german culture

Vereine – Associations in Germany

Vereine - Associations in Germany
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Are you a Vereinsmeier?

Wanderlust, Fernweh, Fahrvergnügen – there are many words in the German language that one can’t translate into English. Many of them also describe some basic German virtues. One you might not know yet is “Vereinsmeierei.” It represents the German specialty to organize themselves in voluntary associations or, as you would better call it, Vereine. But a Vereinsmeier does more than that: He (or she) lives the Verein – or better, even more than just one. You can find a Verein for almost everything in Germany and some would even say you are not a real German if you are not a member of at least one.

 

The best-known kind of Verein

This might be the Fußballverein (football club). It is of course also possible in Germany to play soccer outside a club, but almost everybody who likes to score goals not only in the yard but on a real field will sooner or later be at a point when he or she joins a Fußballverein. In this example, it becomes apparent what’s the difference between a Verein and just a loose group of people doing the same stuff together. A real Verein is “eingetragen,” that means it has been officially registered and thus has the letters e.V. at the end of its official name (as you can see, for example, the former logo of FC Bayern München e.V. that was used until 1996.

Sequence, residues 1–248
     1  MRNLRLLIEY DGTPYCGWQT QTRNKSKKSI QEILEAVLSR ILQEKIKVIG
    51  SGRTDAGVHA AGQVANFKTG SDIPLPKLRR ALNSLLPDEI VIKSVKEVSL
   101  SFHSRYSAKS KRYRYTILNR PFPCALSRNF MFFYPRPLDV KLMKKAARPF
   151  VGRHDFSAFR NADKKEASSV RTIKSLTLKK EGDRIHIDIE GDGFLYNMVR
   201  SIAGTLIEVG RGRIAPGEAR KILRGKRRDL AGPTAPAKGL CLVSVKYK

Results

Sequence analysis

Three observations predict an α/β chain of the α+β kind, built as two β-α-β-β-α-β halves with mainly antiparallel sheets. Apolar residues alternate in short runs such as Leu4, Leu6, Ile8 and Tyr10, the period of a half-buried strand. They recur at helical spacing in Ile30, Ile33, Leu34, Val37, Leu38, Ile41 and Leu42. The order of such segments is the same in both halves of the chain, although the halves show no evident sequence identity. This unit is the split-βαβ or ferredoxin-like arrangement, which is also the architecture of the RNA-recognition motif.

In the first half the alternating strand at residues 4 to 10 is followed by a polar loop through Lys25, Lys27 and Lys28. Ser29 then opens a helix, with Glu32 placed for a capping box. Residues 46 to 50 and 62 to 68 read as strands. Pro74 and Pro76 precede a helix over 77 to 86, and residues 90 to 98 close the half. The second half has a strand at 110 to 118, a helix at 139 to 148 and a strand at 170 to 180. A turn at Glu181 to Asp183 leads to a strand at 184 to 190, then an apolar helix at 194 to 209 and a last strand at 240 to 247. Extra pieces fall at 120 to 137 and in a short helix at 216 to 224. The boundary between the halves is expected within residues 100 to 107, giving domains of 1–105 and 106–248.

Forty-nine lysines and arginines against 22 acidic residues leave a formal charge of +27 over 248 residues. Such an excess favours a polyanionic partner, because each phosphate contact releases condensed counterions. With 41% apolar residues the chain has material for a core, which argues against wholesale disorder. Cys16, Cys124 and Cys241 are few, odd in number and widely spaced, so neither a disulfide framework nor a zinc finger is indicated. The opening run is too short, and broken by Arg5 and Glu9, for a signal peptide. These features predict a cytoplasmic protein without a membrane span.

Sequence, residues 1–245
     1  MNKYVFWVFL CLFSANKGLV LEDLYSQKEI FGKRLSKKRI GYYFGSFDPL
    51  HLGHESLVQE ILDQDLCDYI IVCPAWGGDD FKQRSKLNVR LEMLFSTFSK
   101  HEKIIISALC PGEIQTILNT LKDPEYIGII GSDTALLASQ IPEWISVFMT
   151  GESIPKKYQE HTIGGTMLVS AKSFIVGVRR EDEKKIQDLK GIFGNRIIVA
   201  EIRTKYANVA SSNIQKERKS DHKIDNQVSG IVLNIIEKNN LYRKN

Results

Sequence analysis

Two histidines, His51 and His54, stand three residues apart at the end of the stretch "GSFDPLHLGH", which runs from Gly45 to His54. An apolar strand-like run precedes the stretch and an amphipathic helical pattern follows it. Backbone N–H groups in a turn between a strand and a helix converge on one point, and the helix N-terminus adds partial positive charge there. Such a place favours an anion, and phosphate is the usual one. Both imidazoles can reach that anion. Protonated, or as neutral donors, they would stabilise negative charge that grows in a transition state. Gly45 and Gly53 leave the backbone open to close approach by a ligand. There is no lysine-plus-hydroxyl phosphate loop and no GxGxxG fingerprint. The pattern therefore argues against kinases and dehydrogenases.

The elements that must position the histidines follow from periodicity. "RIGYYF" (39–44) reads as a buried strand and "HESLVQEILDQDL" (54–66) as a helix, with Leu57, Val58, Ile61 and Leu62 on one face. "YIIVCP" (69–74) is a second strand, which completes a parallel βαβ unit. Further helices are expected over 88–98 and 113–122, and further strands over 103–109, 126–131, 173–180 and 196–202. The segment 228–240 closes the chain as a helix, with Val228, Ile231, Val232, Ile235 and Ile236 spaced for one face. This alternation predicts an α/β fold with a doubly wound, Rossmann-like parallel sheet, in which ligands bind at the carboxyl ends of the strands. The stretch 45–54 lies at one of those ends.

But when you think you can just get incorporated and get started, you are wrong: If you get engaged in such an association in Germany, you are into some serious business. Not only do you have to come together at least once a year to vote for a chairman, a cashier, and others, you also have to participate in the activities of the Verein, depending on its orientation, and there are many different styles of clubs in Germany.

 

Famous types of  Vereine

One of the most “notorious” Verein is the Schützenverein (Shooting Club). There are not only uncountable Schützenvereine in Germany, but it is also the one with the most current clichés about the members and the tradition. Shooting is very restricted in Germany and therefore, most of the shooters use air guns. But mostly it’s not about shooting at all; it is the kind of tradition that comes with joining such a Schützenverein. The annual presentation of the most successful shooter, the Schützenkönig (King of the Shooters) is at least as important as the gatherings like the Schützenfest that comes with the “crowning” of the King. Of course, each of the Schützen has a Uniform.

Many of them are not only for pleasure but for helping others or the members. Selbsthilfevereine (self-help associations) for example can help alcoholics or other addicts with their problems by coming together with other affected persons. Also, Junggesellenvereine (bachelor associations) exist where singles gather to have fun or even to have the opportunity to find somebody to love.

But whereas shooting might be something more or less sportive and helping others something noble, there are also associations that occur just a bit bizarre, for example, the snuffing or smoking clubs that also organize competitions in snuffing or smoking. There is, in fact, a Verein for everything. So if you are a Vereinsmeier yourself, make it to Germany.

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